by ASILA JALIL/ pic by RAZAK GHAZALI
STANDARD Chartered Bank Malaysia Bhd (StanChart) saw a spike in the digital client engagement on financial planning during the Movement Control Order period brought on by the Covid-19 pandemic.
The bank registered a significant increase in the digital advisory as clients engaged the group to better manage their financial and retirement goals.
“All these engagements are happening digitally. Our biggest takeaway is, even if there is a challenge in the future, the digital advisory is here to stay.
“This is an area we are investing even more significantly as we move forward,” StanChart Malaysia MD and head of wealth management Sammeer Sharma (picture) said during a virtual press conference yesterday.
He said in the current local financial landscape, Malaysians’ preferred investment options for wealth creation are savings account, property investment and fixed deposits.
However, the current interest rate — now at a record low of 1.75% following the central bank’s recent cut — would not enable locals to grow their assets efficiently through such investments.
“Relying on traditional approaches of savings or property may not be something that is sustainable anymore in this kind of environment,” Sharma said.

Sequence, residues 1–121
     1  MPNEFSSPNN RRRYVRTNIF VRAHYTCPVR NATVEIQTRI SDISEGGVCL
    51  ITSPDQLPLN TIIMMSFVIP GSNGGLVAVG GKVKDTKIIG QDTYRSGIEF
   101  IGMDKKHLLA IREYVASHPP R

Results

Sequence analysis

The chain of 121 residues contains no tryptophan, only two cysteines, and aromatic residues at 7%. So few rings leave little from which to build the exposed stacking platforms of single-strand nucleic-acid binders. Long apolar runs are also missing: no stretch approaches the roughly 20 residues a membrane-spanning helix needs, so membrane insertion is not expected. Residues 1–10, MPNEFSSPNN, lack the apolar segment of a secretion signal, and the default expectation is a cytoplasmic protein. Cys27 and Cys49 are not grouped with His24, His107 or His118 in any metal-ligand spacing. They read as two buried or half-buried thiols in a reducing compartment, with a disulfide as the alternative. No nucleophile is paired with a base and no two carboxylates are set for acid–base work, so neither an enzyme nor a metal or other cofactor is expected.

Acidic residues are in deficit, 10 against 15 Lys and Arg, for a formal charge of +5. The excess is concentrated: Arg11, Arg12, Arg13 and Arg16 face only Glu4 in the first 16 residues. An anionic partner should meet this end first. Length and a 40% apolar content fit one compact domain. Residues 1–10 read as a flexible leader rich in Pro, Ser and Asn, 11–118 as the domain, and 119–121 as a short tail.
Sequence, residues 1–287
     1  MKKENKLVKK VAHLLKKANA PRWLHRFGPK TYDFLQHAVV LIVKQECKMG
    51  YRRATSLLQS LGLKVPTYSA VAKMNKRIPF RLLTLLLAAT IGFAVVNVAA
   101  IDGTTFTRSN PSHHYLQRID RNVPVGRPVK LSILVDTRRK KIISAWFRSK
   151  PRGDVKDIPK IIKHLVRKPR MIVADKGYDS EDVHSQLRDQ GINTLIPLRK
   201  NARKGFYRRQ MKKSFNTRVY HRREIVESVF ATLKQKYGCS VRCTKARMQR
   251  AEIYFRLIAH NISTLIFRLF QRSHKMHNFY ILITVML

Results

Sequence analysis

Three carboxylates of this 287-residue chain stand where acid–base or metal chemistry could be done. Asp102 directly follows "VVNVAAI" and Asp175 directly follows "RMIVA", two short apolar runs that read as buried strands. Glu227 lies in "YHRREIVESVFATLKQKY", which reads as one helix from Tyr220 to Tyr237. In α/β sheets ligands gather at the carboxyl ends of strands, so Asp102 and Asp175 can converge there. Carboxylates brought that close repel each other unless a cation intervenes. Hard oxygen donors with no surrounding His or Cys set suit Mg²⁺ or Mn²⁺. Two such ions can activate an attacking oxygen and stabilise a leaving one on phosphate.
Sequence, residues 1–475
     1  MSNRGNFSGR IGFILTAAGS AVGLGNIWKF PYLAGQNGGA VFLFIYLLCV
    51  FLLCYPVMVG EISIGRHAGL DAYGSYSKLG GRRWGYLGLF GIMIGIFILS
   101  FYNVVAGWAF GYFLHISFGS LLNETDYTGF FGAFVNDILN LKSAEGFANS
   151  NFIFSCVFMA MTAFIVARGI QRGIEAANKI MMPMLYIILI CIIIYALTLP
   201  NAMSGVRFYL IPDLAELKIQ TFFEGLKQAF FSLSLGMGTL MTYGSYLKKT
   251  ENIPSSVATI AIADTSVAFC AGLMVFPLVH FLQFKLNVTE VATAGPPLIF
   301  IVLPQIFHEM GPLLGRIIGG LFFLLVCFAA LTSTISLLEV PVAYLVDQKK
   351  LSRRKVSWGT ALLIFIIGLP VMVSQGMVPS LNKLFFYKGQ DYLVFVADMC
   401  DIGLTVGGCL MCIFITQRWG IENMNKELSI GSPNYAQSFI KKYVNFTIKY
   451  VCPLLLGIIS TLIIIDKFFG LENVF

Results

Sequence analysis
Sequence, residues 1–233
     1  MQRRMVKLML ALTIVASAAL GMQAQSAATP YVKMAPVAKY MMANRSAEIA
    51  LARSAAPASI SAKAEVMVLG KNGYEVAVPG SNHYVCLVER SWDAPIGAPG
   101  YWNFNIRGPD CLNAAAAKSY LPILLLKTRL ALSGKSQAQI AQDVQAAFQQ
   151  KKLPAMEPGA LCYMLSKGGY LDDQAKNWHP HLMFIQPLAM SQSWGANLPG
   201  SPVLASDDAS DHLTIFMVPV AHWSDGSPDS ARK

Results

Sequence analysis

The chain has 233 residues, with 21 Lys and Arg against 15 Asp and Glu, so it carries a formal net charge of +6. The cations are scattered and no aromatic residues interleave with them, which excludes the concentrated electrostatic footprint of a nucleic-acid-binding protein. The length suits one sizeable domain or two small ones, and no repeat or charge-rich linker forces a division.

“It was not advisable in the past but all the more now it has become a very concerning area to look at for Malaysian clients.”
On July 7, Bank Negara Malaysia slashed the benchmark Overnight Policy Rate (OPR) for the fourth time this year by 25 basis points to 1.75% due to concerns of pandemic-induced weak economic conditions.
While an OPR cut is supposed to result in lower interest rates, thus boosting disposal income and subsequently consumer spending and borrowing, it also results in reduced interest income from savings and fixed deposits.
Meanwhile, Standard Chartered plc head of fixed income, currencies and commodities investment strategy Manpreet Gill said low bond yields, a rebound in earnings expectations and a weak US dollar are driving the market rallies witnessed globally — including Malaysia — amid the pandemic.
Low bond yields are a push factor as global capital is expected to “look around the world” for higher returns.
“The weakening of the dollar or at least not getting stronger tends to create an environment where you see foreign investment flows to emerging markets or more broadly, Asian equity markets,” he added.